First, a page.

Thirkell uses Emergenetics in the classroom


Thirkell explains a homework problem in AP Calculus. Students in her class saw 5 to 20 percent increased performance on their tests after participating in the Emergenetics program.

Sophia Artley, Editor

Kathy Thirkell, a math teacher, works hard to make sure her students learn. Recently she has added a modern, personality based, scientific program to her classroom in the hopes of aiding her students – Emergenetics.

“Emergenetics is a science that talks about the genetics you have and the experiences you have that shape the way you learn and think.” Thirkell said. “Its that interplay between the thinking attributes and the behavior attributes that gives students the ability to advocate for themselves and their learning.”

By taking an Emergenetics questionnaire, a person’s personality is broken down into two main categories – thinking and behavior. There are four thinking attributes, analytical, structural, social, and conceptual, that are measured in percentages. There are three behavioral attributes, expressiveness, assertiveness, and flexibility, and are measured on a scale of one to one-hundred. How a person thinks and behaves is given to him or her on an emergenetics ‘profile’ a few months later.

Two years ago, Lewis-Palmer High School staff members took a emergenetics questionnaire to learn about themselves and make decisions as a group. This prompted Thirkell to take this to the classroom.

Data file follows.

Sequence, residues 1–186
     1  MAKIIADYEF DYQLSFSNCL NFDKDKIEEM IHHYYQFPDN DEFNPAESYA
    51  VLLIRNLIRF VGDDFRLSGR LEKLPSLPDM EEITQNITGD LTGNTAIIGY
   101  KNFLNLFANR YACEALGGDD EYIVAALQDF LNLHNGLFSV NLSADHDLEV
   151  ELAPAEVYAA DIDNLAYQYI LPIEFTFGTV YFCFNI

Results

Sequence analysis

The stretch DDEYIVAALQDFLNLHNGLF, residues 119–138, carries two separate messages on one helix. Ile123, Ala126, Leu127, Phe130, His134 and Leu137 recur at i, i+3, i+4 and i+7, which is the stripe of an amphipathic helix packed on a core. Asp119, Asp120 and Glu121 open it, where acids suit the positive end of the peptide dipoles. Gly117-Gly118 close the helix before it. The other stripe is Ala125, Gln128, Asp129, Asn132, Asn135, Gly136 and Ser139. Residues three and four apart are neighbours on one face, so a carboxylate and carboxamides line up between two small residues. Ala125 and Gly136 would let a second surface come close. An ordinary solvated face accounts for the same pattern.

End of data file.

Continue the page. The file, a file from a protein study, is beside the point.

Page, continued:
“I decided and knew then that if it was good for adults, it was better for students because of the four thinking attributes and three behaviors” Thirkell said.

Last year Thirkell was able to incorporate it into her AP Calculus and Calculus 3 classrooms, and this year she was able to use it in all her classrooms. Thirkell sees it as only a benefit, believing in what it can do for her students.

“I see it as a benefit for students in an ability for them to understand how they best think and how to phrase a question so they can learn how to learn what’s best for themselves. It gave them the confidence to be able to learn how they learn best for themselves, and then to make choices for what they’re doing based on their report. I would never teach again without it because it empowers the student.” Said Thirkell.

Emergenetics has contributed to her student’s success, last year her students saw a gain of 5 to 20 percent increased performance on their testing.

Apart from testing, Thrikell also believes it helps her students to work better with their peers. By creating groups each chapter based on the content, she can put groups together to make a whole spectrum of emergenetics profiles, or have all the dominantly social thinkers in one group. 

Thirkell explains a homework problem in AP Calculus. Students in her class saw 5 to 20 percent increased performance on their tests after participating in the Emergenetics program.Thirkell herself has preferences (stronger inclinations to think certain ways) towards analytical and structural, as well as a little bit of social. This means that she has an interest in logic and data, wants to understand the reasoning behind things, is practical, follows directions, and likes closure. Her bit of social thinking means that she sometimes thinks more based on relationships and may like working in groups.

“I’ve learned [from my emergenetics profile] that I need to incorporate all of my students thinking attributes for my students’ success.” Said Thirkell

As for the future of  this program, Emergenetics will continue to play an active role at Lewis-Palmer. All of the incoming freshmen took the questionnaire and the accompanying ‘training’ to understand what their profiles mean. Freshmen teachers also took a training to be able to implement Emergenetics into their classrooms. Thirkell will also be working with other teachers next semester to help them get this program into their own classrooms.